Opens with a boy named Niki playing with his school chums then coming home to bother his older sister Mila, who studies piano. This is Bulgaria, and she announces she’s going to Germany for school, so the rest of the movie feels like a countdown of the days she has left. The movie keeps focusing on something other than where the action or dialogue is, splintering conversations, not bringing the family (Niki, Mila and their dad – mom is mentioned but never seen) together visually until a nature hike at the end. Played in Rotterdam’s Bright Future section with Cocote.

Jordan Cronk in Cinema Scope:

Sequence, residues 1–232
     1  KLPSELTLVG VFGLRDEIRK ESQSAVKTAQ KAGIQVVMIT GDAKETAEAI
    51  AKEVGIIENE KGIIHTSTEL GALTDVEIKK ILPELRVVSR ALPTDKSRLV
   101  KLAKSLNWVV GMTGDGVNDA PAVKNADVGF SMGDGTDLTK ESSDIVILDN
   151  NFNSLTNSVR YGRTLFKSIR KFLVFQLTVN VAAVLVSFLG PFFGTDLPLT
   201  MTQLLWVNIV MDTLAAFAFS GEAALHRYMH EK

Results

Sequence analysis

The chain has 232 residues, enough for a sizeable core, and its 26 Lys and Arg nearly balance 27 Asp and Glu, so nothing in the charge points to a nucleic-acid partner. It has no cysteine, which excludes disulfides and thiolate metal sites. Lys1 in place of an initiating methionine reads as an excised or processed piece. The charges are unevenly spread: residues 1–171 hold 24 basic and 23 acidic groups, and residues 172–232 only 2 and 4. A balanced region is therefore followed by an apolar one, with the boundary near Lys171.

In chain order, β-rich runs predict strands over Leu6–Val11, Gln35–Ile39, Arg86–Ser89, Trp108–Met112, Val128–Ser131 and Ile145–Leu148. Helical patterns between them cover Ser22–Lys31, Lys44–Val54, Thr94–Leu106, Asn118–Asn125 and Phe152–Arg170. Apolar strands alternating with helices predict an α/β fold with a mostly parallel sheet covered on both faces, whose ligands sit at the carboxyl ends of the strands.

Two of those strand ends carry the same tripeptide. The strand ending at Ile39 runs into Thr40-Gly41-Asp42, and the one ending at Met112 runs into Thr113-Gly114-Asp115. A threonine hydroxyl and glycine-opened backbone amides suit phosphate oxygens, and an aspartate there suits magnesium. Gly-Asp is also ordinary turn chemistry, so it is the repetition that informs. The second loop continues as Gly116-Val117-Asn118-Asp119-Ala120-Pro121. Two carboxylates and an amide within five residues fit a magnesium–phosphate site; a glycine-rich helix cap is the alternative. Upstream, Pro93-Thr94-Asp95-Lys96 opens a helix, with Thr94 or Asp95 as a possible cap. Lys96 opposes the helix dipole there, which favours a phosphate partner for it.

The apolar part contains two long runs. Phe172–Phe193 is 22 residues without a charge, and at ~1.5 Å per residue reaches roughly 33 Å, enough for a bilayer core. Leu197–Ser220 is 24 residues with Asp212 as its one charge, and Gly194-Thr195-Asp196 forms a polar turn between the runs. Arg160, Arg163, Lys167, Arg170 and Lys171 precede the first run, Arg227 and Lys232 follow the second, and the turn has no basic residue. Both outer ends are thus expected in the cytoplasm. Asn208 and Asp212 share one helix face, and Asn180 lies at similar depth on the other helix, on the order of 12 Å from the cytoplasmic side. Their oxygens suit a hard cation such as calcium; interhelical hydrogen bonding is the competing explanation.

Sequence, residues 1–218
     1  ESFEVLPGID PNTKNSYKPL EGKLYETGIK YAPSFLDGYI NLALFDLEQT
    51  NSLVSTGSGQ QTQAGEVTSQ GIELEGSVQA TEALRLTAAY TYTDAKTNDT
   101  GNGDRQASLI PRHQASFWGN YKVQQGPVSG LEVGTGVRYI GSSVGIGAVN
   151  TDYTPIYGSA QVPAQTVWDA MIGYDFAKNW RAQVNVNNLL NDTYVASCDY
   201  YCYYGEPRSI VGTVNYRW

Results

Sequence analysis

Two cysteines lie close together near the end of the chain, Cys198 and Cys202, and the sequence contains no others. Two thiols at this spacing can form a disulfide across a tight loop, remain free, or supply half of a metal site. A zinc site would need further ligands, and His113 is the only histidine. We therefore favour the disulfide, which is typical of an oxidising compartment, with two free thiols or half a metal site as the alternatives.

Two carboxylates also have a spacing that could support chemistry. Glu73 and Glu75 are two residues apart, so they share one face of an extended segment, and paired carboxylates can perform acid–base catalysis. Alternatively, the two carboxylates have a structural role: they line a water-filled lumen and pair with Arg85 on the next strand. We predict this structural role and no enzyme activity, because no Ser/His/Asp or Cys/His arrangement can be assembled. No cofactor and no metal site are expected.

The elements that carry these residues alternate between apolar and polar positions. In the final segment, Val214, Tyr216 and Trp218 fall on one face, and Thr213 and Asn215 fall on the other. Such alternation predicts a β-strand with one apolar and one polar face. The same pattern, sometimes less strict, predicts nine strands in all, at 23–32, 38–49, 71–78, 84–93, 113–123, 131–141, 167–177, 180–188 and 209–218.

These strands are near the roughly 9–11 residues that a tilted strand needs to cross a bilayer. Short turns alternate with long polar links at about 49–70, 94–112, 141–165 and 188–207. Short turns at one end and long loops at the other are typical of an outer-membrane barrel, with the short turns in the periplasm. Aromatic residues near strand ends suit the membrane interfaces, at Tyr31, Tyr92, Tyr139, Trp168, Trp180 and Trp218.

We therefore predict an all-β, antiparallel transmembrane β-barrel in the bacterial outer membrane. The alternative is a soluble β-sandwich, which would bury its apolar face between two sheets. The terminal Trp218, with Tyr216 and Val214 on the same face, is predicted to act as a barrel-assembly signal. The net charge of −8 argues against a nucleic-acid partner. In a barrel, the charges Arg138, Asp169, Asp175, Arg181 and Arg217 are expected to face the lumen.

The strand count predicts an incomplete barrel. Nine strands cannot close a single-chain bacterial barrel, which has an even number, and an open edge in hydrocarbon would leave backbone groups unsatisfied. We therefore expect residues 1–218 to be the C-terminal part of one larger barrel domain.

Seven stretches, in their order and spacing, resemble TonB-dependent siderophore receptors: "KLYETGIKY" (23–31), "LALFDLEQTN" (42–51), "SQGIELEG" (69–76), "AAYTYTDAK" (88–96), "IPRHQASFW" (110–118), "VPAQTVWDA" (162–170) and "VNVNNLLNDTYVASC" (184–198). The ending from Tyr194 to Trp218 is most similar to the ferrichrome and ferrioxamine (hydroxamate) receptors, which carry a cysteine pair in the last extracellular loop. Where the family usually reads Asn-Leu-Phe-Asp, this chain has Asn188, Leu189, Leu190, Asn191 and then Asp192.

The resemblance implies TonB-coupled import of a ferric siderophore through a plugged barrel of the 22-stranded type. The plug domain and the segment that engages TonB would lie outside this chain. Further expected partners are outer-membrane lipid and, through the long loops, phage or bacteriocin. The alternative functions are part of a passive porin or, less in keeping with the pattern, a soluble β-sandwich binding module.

The film’s musically inflected title seems to nod as much to three-quarter time as it does a fractured family unit … There’s … an effortless sense of family dynamics that feels organic and speaks fully to Metev and co-writer Betina Ip’s command of character and commitment to the quotidian moments that shape everyday life. There are no antagonists in 3/4, let alone villains––no dark or sadistic undercurrents meant to reflect contemporary Europe’s fraught sociopolitical temperament. By almost every conceivable tonal and stylistic metric, the film feels utterly removed from whatever continues to pass for serious international art cinema.